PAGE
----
This new hinge allows you to use Besta drawer panels without the inner drawer... brilliant!
Here is the link, hope this will hit your store soon as i think it might be pretty helpful for many hacks!
I have mixed us some drawers + a glass/alu door and it came out as a open/closed shelf, hiding the mess enough without having a final look too flat or heavy.
~ Fabrizio, Torino - Italy
The IKEA catalog gets better. As of July 31st, the catalog itself will be an interactive product of the latest augmented-reality technology, with smart ideas, photo galleries and inspiration coming alive right before your eyes.
You'll need to download the IKEA Catalog App for your iOS or Android smartphone or tablet, and scan select pages to unlock the goodies. I can't wait to test it out.
Have you got the 2013 catalog yet?
Materials: Vika Alex, Capita, Micke
Description: My girlfriend needed to have her own space, but I needed to have a place for my Personal Computer.
I found the creative-ikea-desk on Ikeahackers, and it gave me inspiration.
So I used 2 MICKE drawer units for the both ends of the workstation, and VIKA ALEX in the middle to hide my personal computer.
Thanks to capita legs I have been able to add a table top above the 3 consoles.
The next steps are :
- A USB hub encased in the shelf
- Ventilate the console hosting the PC.
~ Guillaume, France, Rennes
Materials: Expedit 5x5 white cupboard
Description: We wanted an entertainment unit that wasn't too deep, moved the TV higher off the ground and also had storage.
Nothing we saw really worked for us, and the standard Ikea Expedit TV unit had too big a space for our 81cm TV.
So we converted our existing Expedit cupboard by creating a 3x2 cube space for our TV.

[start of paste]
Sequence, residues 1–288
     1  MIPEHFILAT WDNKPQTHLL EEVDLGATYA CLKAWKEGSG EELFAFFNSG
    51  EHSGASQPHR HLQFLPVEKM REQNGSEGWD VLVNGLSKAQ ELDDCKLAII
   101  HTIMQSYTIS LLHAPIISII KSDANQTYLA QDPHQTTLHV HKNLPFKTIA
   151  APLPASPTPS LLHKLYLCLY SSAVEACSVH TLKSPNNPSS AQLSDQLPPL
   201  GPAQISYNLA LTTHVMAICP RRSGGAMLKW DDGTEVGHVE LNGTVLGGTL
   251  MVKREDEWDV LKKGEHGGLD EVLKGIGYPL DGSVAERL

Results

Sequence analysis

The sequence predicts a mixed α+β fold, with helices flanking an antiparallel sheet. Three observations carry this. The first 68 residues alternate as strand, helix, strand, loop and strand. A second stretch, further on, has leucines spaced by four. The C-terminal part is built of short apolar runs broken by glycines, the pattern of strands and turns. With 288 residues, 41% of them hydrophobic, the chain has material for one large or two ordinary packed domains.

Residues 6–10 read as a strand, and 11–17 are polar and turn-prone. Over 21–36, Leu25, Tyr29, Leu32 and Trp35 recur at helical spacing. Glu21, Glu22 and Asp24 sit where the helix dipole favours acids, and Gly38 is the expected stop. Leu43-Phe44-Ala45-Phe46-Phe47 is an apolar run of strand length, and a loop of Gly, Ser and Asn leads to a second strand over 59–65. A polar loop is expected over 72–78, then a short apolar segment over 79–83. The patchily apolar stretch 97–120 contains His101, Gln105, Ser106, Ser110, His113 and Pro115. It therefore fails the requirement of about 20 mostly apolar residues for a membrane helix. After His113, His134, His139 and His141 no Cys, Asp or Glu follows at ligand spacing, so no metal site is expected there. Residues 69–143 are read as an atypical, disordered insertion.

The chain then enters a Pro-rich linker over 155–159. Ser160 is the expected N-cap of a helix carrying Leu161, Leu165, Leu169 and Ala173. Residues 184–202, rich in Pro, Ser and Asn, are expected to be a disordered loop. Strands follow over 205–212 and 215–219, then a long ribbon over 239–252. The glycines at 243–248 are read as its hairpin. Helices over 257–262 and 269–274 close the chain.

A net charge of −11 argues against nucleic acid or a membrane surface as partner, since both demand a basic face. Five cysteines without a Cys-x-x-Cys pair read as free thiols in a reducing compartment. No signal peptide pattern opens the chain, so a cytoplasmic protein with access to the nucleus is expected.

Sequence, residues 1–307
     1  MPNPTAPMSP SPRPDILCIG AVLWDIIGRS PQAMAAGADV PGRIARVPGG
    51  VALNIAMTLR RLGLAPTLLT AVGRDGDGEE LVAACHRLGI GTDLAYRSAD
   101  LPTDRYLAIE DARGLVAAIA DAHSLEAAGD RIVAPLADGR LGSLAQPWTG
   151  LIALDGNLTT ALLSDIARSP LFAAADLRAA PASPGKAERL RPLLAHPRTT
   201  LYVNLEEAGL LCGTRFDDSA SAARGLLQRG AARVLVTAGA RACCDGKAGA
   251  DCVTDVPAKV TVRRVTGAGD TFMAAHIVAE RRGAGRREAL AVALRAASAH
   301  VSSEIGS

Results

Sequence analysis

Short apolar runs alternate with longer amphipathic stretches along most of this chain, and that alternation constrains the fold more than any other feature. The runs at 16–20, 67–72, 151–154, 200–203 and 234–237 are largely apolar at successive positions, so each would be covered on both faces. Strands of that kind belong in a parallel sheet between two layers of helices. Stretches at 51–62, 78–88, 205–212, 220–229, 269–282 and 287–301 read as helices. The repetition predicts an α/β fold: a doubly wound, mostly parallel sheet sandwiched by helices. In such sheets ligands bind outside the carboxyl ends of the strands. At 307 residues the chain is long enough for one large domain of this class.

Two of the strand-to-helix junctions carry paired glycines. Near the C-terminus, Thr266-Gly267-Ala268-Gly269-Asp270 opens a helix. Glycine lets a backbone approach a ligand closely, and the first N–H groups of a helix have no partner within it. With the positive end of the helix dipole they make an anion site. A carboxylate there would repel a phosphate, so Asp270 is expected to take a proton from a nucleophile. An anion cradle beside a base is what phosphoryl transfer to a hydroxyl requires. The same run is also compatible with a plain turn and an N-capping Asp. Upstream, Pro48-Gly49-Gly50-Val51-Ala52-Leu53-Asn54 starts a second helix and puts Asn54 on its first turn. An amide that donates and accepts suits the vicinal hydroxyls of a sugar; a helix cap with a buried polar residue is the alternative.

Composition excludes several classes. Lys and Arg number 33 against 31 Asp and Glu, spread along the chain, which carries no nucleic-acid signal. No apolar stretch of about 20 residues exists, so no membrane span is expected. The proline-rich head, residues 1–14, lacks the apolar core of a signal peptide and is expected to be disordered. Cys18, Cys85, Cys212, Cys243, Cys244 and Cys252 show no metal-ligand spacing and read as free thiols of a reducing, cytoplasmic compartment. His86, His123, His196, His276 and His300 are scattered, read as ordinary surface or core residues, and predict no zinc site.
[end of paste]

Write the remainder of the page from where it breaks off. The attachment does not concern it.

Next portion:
It required 3 cuts:
1. 2 cuts for the horizontal shelf
2. one of the now redundant vertical dividers was cut to 10cm height to support the TV and create compartments for the DVD players.
The cuts were done at a woodwork shop, which took about 2 minutes on their table saw.
We drilled dowel holes and used shorter 2cm dowels to hold the TV shelf and 10cm vertical support, and bought some iron-on melamine edging tape to cover the sawed ends where needed.
We're very happy with this simple and very functional hack.
~ Kar-Soon, Sydney, Australia
Friday, July 20, 2012
Materials: Ikea Pax Wardrobe and Akurum base cabinets
Description: We remodeled our bathroom with built-in Pax wardrobes (3) and Akurum (2) kitchen base cabinets cut down in height and depth to allow them to be used as a vanity. I had to cut the doors down as well (height 20" to allow for the vessel sinks).
By cutting the edge tape of first and then cutting the door to size it allowed me to re-use the edge banding on the doors. I used a 4x8 nexus black/brown panel from the kitchen department for fillers on the Pax and Akurum to give it the "built in look".
~ Brian, Atlanta
Materials: Kroby Desk Lamp, Frack Mirror, Ball-Chain Connector (1.5" X .5"), two bolts, two rubber washers, two nuts, two mounting screws, one in-line on-off switch, electrical tape, screw driver, c-clamp, .050 hex wrench
Description: I love Scissor Lamps! But they cost way more than my budget allows - especially since I wanted two. My Ikea-Hack cost under $40 for each lamp - Yippie!
A few notes prior to doing anything:
~ Do not assemble the lampshade while working - this shade is glass and can be scratched easily - only put the glass shade on at the very end!
The first step is to disassemble the Kroby desk lamp.
~ I cut the cord just shy of the switch so it could be pulled through the neck.